In further accordance with the invention, the coupling elements secured on the hand parts are opposed, in the axes of rotation, by coupling elements which are secured on the framework parts, and the respective opposing coupling parts are connected with each other by a joint coupling which transmits only a pure angle of rotation movement, with free mobility in all other degrees of freedom, such as, for example, a spiral tooth coupling. The manual guidance on the framework parts extending parallel to the hand parts is thus limited exactly to that component of the movements which can be performed by the respective parallel hand part, while the other components of the movement are "filtered out."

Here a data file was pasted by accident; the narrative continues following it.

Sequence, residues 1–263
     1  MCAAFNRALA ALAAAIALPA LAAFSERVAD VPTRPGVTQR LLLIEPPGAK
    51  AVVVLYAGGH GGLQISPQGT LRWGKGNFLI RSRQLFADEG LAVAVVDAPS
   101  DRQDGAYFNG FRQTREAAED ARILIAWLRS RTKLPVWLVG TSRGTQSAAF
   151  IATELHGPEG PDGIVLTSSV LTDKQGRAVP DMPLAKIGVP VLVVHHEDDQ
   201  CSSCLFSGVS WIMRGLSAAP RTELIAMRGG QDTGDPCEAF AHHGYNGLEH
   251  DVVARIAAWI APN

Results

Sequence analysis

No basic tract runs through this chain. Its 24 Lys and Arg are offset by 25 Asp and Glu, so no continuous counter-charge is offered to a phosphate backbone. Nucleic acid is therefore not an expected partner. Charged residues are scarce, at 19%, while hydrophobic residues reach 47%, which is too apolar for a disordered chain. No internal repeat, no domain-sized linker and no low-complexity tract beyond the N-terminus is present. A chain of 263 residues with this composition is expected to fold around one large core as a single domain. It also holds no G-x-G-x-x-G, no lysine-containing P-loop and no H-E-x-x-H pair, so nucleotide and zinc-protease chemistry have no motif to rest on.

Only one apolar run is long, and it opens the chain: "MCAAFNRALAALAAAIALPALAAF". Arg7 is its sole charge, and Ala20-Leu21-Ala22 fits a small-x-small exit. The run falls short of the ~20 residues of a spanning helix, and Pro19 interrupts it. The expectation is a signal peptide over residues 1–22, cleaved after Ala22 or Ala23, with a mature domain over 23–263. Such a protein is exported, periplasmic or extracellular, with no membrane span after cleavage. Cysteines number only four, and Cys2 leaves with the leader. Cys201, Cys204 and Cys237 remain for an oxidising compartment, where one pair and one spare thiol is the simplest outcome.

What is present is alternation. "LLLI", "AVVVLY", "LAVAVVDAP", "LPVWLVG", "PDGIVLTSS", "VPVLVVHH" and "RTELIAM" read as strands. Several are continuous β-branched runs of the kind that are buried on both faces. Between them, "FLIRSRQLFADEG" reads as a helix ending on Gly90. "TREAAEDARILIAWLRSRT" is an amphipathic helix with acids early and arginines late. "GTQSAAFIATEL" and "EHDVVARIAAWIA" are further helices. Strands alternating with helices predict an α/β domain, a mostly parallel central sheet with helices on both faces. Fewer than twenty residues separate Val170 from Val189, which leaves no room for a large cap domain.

In accordance with another feature of the invention, such "filtering out" of undesired components of the relative movements between the hand parts and the framework parts is effected by two electrical displacement pickups arranged between the hand parts and the associated framework parts in a differential connection, and in a plane extending at a right angle to the associated axis of rotation. These electrical pickkups have tripping pins bearing on a switching surface extending parallel to the respective axis of rotation, with the pickups being secured on one part of a pair, such as a part of the hand unit, and the switching surface on the other part of the pair, such as a framework part.